Photo by Melody

PlantFiles: Weeping Lantana, Trailing Lantana
Lantana montevidensis 'Trailing Lavender'

Family: Verbenaceae (ver-be-NAY-see-ee) (Info)
Genus: Lantana (lan-TAN-a) (Info)
Species: montevidensis (mon-tay-vid-EN-sis) (Info)
Cultivar: Trailing Lavender

Synonym:Lantana sellowiana

2 vendors have this plant for sale.

22 members have or want this plant for trade.

Tropicals and Tender Perennials

18-24 in. (45-60 cm)

24-36 in. (60-90 cm)

USDA Zone 8a: to -12.2 C (10 F)
USDA Zone 8b: to -9.4 C (15 F)
USDA Zone 9a: to -6.6 C (20 F)
USDA Zone 9b: to -3.8 C (25 F)
USDA Zone 10a: to -1.1 C (30 F)
USDA Zone 10b: to 1.7 C (35 F)
USDA Zone 11: above 4.5 C (40 F)

Sun Exposure:
Sun to Partial Shade

Handling plant may cause skin irritation or allergic reaction

Bloom Color:

Bloom Time:
Blooms all year


Other details:
May be a noxious weed or invasive
This plant is attractive to bees, butterflies and/or birds
Average Water Needs; Water regularly; do not overwater

Soil pH requirements:
6.1 to 6.5 (mildly acidic)
6.6 to 7.5 (neutral)
7.6 to 7.8 (mildly alkaline)

Patent Information:

Propagation Methods:
By dividing the rootball

Seed Collecting:
Unknown - Tell us

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There are a total of 23 photos.
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17 positives
7 neutrals
No negatives

Gardeners' Notes:

Positive debylutz On Sep 28, 2013, debylutz from San Diego, CA (Zone 10a) wrote:

Trailing lantana makes a great groundcover in tough areas. It attracts bees and butterflies. It must be cut back hard before the spring growth flush.

Positive coastalzonepush On Feb 19, 2013, coastalzonepush from Orlando, FL (Zone 9b) wrote:

i had 5 small plants that got mowed down, and they came back stronger and much faster than before. the blooms are continuous and a great addition to your garden for constant color, nectar, groundcover, and drought tolerance once they've established.

i never get to see the butterflies (if they do) visit because of where it is planted.

Neutral toni689 On May 24, 2012, toni689 from NURSERY, TX wrote:

I received a start of this in late April. I immediately came home and planted it in the ground. I have been keeping it watered and I don't think overly so. But, there were days here and there that it did not get watered.

I know it was kind of late to start it, being that temps were already very high. All of the stems have turned brown and I don't think there are any new growth stems.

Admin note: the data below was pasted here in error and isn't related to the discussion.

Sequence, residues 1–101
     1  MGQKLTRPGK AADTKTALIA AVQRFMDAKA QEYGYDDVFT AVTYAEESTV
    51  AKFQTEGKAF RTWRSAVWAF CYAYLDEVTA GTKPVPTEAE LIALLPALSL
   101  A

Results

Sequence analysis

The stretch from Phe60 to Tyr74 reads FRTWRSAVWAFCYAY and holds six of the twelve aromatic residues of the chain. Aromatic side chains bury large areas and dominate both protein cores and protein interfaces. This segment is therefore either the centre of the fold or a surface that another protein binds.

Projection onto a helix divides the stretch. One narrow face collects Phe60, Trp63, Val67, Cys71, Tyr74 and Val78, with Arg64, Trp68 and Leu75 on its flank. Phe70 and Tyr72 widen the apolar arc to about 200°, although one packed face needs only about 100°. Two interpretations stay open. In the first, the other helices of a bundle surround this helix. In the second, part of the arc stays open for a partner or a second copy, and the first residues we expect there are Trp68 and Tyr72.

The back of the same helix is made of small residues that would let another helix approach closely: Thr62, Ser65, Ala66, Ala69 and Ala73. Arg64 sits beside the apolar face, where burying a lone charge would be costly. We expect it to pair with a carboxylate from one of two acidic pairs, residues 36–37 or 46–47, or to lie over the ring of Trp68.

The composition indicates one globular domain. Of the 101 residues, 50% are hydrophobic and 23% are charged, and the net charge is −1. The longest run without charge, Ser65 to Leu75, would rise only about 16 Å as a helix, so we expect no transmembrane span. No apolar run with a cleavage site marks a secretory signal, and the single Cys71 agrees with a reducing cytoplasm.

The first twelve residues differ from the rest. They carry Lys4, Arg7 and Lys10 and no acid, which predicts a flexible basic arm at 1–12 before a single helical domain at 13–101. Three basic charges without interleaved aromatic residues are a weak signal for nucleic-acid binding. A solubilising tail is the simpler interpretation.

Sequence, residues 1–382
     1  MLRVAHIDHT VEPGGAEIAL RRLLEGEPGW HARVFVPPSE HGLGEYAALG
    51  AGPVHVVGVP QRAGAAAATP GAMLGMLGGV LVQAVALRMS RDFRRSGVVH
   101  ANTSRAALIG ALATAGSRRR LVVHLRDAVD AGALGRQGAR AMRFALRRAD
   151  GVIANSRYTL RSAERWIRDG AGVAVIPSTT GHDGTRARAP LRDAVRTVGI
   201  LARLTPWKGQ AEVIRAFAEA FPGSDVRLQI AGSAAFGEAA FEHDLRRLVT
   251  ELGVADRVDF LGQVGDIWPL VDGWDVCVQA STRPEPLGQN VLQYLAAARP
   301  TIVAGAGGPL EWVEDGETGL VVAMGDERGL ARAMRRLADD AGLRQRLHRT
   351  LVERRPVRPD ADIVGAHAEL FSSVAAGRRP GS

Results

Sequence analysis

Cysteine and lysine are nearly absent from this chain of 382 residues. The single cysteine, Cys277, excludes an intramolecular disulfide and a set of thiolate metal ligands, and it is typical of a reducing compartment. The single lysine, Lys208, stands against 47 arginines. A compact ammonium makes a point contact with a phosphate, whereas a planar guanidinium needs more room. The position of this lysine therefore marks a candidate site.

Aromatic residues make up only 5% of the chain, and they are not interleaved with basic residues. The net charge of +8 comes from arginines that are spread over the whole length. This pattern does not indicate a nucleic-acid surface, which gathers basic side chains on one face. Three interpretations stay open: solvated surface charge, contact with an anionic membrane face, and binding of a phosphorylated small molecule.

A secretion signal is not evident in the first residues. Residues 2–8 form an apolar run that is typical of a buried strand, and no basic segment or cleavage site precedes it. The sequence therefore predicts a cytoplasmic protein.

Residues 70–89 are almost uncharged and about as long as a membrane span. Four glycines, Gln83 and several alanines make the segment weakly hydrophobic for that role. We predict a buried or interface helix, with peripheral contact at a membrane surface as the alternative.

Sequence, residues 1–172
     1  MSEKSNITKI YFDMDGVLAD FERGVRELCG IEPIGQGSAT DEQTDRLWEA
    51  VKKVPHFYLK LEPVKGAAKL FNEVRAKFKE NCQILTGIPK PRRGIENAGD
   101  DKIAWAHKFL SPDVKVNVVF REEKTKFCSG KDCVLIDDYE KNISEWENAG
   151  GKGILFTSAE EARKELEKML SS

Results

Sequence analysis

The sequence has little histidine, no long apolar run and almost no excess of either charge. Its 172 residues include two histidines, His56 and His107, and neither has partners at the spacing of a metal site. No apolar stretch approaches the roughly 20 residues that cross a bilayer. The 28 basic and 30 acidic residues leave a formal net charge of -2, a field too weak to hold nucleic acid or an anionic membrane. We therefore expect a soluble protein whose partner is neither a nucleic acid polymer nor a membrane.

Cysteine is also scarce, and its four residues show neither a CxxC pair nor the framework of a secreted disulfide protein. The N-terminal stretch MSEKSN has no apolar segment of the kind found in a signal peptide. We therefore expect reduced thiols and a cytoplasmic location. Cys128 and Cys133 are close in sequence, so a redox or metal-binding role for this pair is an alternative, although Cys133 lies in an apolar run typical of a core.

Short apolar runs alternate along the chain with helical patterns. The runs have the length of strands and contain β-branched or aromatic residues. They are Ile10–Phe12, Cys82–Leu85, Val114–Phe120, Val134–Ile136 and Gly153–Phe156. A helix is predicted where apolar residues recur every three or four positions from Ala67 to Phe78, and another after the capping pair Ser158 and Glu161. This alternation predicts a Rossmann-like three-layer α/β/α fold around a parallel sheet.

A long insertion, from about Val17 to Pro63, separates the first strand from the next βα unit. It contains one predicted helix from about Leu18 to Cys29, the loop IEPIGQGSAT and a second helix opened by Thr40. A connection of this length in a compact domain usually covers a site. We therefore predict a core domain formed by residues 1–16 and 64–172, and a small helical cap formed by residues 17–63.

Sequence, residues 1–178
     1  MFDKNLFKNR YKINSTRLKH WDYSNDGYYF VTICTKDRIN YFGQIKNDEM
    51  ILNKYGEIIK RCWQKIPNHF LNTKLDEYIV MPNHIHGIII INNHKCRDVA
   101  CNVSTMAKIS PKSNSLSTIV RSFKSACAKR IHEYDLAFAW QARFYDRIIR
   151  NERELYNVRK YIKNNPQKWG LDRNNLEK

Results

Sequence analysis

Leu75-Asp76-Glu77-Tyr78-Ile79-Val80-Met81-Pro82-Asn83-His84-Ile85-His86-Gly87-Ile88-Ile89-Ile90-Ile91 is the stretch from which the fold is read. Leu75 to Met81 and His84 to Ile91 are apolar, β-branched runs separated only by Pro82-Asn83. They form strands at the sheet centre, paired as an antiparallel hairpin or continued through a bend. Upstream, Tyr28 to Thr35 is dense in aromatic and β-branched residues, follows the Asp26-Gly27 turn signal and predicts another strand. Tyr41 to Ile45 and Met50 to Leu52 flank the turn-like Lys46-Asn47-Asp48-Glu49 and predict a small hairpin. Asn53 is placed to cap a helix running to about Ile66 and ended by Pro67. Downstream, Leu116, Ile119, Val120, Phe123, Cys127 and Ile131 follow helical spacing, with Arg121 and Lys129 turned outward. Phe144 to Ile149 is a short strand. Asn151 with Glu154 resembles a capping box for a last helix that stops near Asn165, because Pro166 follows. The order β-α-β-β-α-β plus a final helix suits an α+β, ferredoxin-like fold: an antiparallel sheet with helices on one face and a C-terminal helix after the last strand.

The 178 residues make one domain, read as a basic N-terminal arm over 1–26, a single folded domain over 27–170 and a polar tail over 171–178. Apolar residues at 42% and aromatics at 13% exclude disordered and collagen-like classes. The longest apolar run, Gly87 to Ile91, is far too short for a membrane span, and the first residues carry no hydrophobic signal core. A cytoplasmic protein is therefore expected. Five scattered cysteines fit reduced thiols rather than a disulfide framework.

Does anyone know if its possible to save the plant or if it will come back next spring? I can dig it up and pot it in the house, but Im afraid the shock will kill it for sure.

Positive angelinamax On Oct 7, 2011, angelinamax from Alamogordo, NM wrote:

I LOVE this plant! It's my first year planting it and it doubled in size in about two months. I only water it maybe once a week, lightly and it flowers more the less you water it. It is so pretty and I haven't noticed it smells like anything. I hope it survives the winter (7b/8a) here. I originally just got this plant because it's sturdy, but fell in love with it's beautiful, vibrant color!

Positive squirmy2000 On Oct 1, 2011, squirmy2000 from Lisle, IL wrote:

I live in Chicago on the 5th floor looking east. I purchased this for the first time this spring. I've always loved lantana being originally from the Southeast, and when I saw a creeping variety at my local nursery, I had to try it. I planted it in a pot hanging on my balcony railing. It trailed beautifully over the side with lots of blooms all summer. Little dead heading was required. Very fragrant with a Lilac scent. The leaves do irritate the skin with itching when handled. Make sure you wash well with soap and water after handling.
In June, a female Rufous hummingbird discovered the plant and visited about 10 times a day, especially in the evening. In late July, a male Ruby throated and a male Rufous discovered it and began fighting over it. They ran the female off and the male Rufous won out. It is now September and he still comes several times a day. The plant is slowing down on blooms since it's cooler. Will definately buy another one next year, maybe 3.

Neutral steadycam3 On Jan 7, 2011, steadycam3 from Houston Heights, TX (Zone 9a) wrote:

I received this information from htop who sent me a link to a study which showed that the trailing varieties of Lantana are more resistant to Lantana Lacebug than the bush varieties and some colors are more resistant to Lacebug... Lavender and Red. In Texas, our beautiful native Lantana gets hit every July with this awful pest so diffucult to eradicate that I have decided to switch to the montevidensis species. I have cuttings rooting now of the trailing white and trailing lavender. The Monarchs and bees love this plant which makes it doubly difficult to deal with any pest the plant has.